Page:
LNP, LIS Receive 6 Patrol Boats from Japan

LNP, LIS Receive 6 Patrol Boats from Japan

The Liberia National Police (LNP) and the Liberia Immigration Service (LIS) last Friday received 6 patrol boats or dinghies, 2 Toyota Land Cruiser Hardtop motor vehicles, 32 desktop computers, 32 Laser jet printers and 100 camp beds valued at US$371,336.22, shared equally between the two agencies.

The items were purchased through a project supported by the government of Japan and were delivered by the United Nations Development Program on behalf of the Japanese government, according to a press release yesterday.

In total, the US$3.6m project, which has just ended, has enhanced the operational and logistical capacities of the LIS and LNP with 18 vehicles, 160 motorbikes, 2,000 rain gears, 16 tents, 260 camp beds, 200 hand-held communication radios and 80 base radios. Other items donated are 168 megaphones for community sensitization, 100 flashlights, 200 hand-held thermometers, 15 solar panels with technical rooms that are yet to be installed at selected border posts and police stations in the counties, and 8 Public Address (PA) systems under the authority of the County Superintendent to be used for public engagement and sensitization. The contributions include sanitation kit supplies for about 400 female officers and household heads.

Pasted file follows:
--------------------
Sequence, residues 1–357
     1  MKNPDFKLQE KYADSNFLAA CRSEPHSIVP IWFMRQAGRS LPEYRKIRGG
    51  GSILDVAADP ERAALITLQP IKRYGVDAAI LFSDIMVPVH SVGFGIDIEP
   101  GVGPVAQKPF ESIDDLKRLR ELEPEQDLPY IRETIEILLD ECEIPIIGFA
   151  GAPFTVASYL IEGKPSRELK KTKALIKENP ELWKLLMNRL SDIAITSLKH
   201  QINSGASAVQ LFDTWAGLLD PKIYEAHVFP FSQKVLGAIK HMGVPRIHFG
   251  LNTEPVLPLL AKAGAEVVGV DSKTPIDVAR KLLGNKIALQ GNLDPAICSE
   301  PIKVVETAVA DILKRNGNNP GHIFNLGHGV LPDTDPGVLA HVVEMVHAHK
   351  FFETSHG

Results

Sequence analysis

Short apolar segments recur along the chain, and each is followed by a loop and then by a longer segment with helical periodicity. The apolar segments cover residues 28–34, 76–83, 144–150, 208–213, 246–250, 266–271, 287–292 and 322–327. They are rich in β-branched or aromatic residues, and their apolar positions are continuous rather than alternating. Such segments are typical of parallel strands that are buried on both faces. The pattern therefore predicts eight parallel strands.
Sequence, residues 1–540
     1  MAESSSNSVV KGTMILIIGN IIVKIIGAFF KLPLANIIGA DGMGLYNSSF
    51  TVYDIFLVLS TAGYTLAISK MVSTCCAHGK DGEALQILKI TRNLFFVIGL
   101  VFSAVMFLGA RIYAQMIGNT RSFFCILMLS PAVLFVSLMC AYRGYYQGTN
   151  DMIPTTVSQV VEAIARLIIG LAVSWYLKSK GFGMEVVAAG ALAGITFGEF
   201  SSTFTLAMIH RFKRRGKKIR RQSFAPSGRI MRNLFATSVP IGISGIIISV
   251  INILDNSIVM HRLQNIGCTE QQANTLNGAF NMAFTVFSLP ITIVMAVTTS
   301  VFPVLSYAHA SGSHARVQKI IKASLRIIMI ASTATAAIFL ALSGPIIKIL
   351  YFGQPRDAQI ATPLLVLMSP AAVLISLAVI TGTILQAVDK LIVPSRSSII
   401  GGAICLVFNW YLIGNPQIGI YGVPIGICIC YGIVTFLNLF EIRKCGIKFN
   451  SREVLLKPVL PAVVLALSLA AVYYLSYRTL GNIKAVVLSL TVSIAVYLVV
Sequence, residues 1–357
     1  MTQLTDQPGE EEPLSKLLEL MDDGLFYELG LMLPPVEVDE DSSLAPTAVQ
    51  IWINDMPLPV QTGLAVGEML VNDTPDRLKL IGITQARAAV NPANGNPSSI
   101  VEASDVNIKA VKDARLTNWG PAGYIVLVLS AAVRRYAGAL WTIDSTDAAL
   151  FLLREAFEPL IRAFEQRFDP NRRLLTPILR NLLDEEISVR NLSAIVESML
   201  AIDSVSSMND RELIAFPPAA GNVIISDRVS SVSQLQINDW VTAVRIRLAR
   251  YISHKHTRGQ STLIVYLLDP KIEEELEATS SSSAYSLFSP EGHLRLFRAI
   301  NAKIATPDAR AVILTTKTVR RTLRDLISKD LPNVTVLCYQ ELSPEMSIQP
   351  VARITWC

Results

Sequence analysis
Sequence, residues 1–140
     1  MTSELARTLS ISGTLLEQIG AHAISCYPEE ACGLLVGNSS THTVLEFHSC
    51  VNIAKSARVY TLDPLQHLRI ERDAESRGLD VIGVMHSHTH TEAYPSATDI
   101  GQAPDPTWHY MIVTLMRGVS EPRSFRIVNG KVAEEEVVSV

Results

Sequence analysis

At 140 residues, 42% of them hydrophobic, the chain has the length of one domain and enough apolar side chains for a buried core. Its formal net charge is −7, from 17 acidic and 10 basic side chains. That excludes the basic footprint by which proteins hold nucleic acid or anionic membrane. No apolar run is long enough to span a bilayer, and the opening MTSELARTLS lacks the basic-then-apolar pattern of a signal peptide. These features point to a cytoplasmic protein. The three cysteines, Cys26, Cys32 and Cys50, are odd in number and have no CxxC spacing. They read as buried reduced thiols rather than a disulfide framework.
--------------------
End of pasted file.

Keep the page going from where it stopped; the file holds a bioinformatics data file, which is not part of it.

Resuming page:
The project which has been implemented since March 2015 as part of the post-Ebola recovery, sought to strengthen the institutional capacities of the LNP and LIS, with a specific focus on border security through enhanced surveillance systems, screening of border crossings and patrol of border points.

It can be recalled that uncontrolled border crossings resulted in the transmission of Ebola.

Friday’s event took place at the Liberia Maritime Authority Training Academy in Marshall, Margibi County and was attended by the Inspector-General of the LNP, Mr. Gregory O.W Coleman and the Commissioner-General of the LIS, Cllr. Lemuel Reeves, who received the donations on behalf of their institutions.

Ministry of Justice rep. Steve Jackson (R) with Cllr. Reeves of the LIS (L) and LNP I.G. Coleman (C)

Handing them over was a representative of the Ministry of Justice, Mr. Steve Jackson, who in turn received the donations from UNDP through its Deputy Country Director for Program, Mr. Cleophas Torori.